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Rapid Response Nurses helping clients recover safely at home

Everyone is eager to return home after a hospital stay, but some patients end up being re-admitted shortly after because discharge plans aren’t fully understood, such as the need to book follow-up appointments, or how to use newly prescribed medications properly.

With the North East CCAC’s new Rapid Response Nursing Program, nurses schedule an in-home visit within the first 24-48 hours after a patient is discharged from hospital. Targeted to frail adults with limited family support or seniors with two or more readmissions to hospital within a three-month period, with a diagnosis of COPD, CHF, Diabetes or Dementia, the new program provides a wide range of nursing services, including medication reconciliation.

Initial response to the CCAC’s Rapid Response Nurse Program has been overwhelmingly positive.

North Bay-based Rapid Response Nurse, Jody Fetterly, RN, recalls a recent visit with a client who wasn’t doing well at home. “I will never forget the day that I arrived at a patient’s home to find him feeling very unwell. He had just come home from hospital the day before, and his wife was quite scared and about to call an ambulance because she didn’t know what else to do. It seems I had arrived at just the right time! After a thorough assessment and review of the patient’s discharge plan and medications, I helped the patient and wife understand that a trip to ER was in fact not necessary. With a few clinical interventions and phone calls to the Respiratory Therapist and family doctor, the patient’s immediate needs were met and they both felt relieved. Before I left their home I arranged for a follow-up appointment with their family doctor. The genuine gratification and relief expressed by the patient and his wife were extremely rewarding for me as a nurse.”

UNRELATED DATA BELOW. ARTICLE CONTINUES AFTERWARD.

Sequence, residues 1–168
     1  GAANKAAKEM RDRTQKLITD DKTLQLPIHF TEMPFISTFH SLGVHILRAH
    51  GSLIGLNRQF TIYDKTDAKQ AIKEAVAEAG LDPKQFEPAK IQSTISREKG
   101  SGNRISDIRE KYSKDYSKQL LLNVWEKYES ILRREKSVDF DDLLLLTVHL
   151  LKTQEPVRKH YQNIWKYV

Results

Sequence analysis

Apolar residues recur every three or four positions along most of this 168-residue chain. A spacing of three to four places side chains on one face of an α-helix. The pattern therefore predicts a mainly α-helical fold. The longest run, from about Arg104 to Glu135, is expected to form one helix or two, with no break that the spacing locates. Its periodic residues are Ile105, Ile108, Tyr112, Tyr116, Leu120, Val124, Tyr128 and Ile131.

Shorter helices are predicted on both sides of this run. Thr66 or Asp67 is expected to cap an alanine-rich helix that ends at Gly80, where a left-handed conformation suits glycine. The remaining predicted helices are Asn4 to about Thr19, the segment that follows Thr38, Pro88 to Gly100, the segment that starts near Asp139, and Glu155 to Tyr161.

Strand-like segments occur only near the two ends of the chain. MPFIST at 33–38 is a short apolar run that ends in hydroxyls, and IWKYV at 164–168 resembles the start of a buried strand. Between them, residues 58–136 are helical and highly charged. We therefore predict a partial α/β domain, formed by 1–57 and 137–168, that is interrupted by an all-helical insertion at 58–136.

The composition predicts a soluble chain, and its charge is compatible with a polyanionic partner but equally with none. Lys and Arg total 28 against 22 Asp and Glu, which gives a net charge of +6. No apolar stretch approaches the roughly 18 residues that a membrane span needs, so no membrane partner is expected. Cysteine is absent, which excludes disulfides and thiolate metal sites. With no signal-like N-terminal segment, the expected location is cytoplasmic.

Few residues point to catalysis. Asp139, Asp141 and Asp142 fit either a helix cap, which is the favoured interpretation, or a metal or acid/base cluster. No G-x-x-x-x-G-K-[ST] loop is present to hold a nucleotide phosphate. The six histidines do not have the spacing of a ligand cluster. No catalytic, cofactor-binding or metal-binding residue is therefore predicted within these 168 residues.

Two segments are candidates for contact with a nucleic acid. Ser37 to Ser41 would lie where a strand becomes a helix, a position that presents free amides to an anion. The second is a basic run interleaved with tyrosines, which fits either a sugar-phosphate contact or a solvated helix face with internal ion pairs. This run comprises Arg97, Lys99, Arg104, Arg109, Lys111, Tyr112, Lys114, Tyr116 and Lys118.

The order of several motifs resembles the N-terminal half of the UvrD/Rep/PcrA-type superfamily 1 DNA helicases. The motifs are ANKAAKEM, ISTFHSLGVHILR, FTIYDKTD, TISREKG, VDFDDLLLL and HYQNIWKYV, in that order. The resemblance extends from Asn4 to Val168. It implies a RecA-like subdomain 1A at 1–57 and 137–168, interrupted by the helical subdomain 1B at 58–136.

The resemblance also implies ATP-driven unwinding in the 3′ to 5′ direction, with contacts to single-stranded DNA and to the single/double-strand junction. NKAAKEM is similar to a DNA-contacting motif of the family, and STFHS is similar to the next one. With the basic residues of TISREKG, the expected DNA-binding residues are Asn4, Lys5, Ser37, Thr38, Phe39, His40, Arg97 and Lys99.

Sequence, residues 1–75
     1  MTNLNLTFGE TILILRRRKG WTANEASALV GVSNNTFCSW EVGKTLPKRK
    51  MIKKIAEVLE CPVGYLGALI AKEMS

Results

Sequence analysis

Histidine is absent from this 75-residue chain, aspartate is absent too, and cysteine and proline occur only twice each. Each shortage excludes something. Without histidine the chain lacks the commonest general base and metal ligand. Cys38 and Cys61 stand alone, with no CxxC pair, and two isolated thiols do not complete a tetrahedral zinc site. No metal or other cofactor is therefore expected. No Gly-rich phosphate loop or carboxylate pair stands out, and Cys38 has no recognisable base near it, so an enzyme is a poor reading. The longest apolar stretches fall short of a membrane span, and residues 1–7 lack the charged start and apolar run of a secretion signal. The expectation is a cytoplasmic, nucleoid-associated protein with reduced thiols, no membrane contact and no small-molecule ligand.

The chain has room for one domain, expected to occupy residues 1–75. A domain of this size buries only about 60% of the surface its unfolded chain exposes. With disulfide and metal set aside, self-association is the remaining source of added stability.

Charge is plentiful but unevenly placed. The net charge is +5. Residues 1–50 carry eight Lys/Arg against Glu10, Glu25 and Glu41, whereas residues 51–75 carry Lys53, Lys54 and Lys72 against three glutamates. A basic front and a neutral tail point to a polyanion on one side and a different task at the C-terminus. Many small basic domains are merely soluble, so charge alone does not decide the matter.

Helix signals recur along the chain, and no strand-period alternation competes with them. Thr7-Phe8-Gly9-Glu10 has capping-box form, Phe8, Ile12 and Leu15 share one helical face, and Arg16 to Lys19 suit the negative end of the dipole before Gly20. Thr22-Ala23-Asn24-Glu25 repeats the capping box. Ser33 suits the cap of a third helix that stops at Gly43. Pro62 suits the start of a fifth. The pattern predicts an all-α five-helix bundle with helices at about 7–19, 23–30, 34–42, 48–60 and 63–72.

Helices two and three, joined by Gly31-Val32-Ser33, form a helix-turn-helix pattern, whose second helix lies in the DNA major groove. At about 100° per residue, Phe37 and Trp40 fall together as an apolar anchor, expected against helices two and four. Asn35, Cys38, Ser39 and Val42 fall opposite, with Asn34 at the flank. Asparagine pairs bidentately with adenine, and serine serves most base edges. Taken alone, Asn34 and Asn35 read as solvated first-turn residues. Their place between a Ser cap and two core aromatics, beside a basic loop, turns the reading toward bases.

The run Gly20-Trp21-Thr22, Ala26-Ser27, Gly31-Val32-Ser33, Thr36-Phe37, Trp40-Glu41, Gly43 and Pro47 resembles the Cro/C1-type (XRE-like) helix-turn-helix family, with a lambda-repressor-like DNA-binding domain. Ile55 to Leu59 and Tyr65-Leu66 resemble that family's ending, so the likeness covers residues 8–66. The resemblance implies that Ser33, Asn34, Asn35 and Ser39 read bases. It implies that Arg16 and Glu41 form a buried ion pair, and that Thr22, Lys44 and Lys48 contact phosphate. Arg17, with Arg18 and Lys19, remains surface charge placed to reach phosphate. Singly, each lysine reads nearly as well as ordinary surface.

Rapid Response Nurses know that medication errors can happen anytime, especially when individuals have multiple prescriptions with varying dosages and schedules. Here are their tips on how you can protect yourself:

  • Know the name and purpose of each of your medications
  • Always take medications according to instructions
  • Keep an up-to-date list of your medications on-hand
  • Review your medications with your doctor or health care provider regularly
  • Ask your pharmacist or doctor about potential side effects and drug interactions
  • Return unused or expired medications to your pharmacist
  • Remember that medications include over-the-counter drugs and herbal remedies
  • Talk to your pharmacist about medication dispensers or ‘blister packs’ and set up a system make sure you are taking the right medication at the right time and dosage
  • Talk to your pharmacist about MedCheck to review your medications
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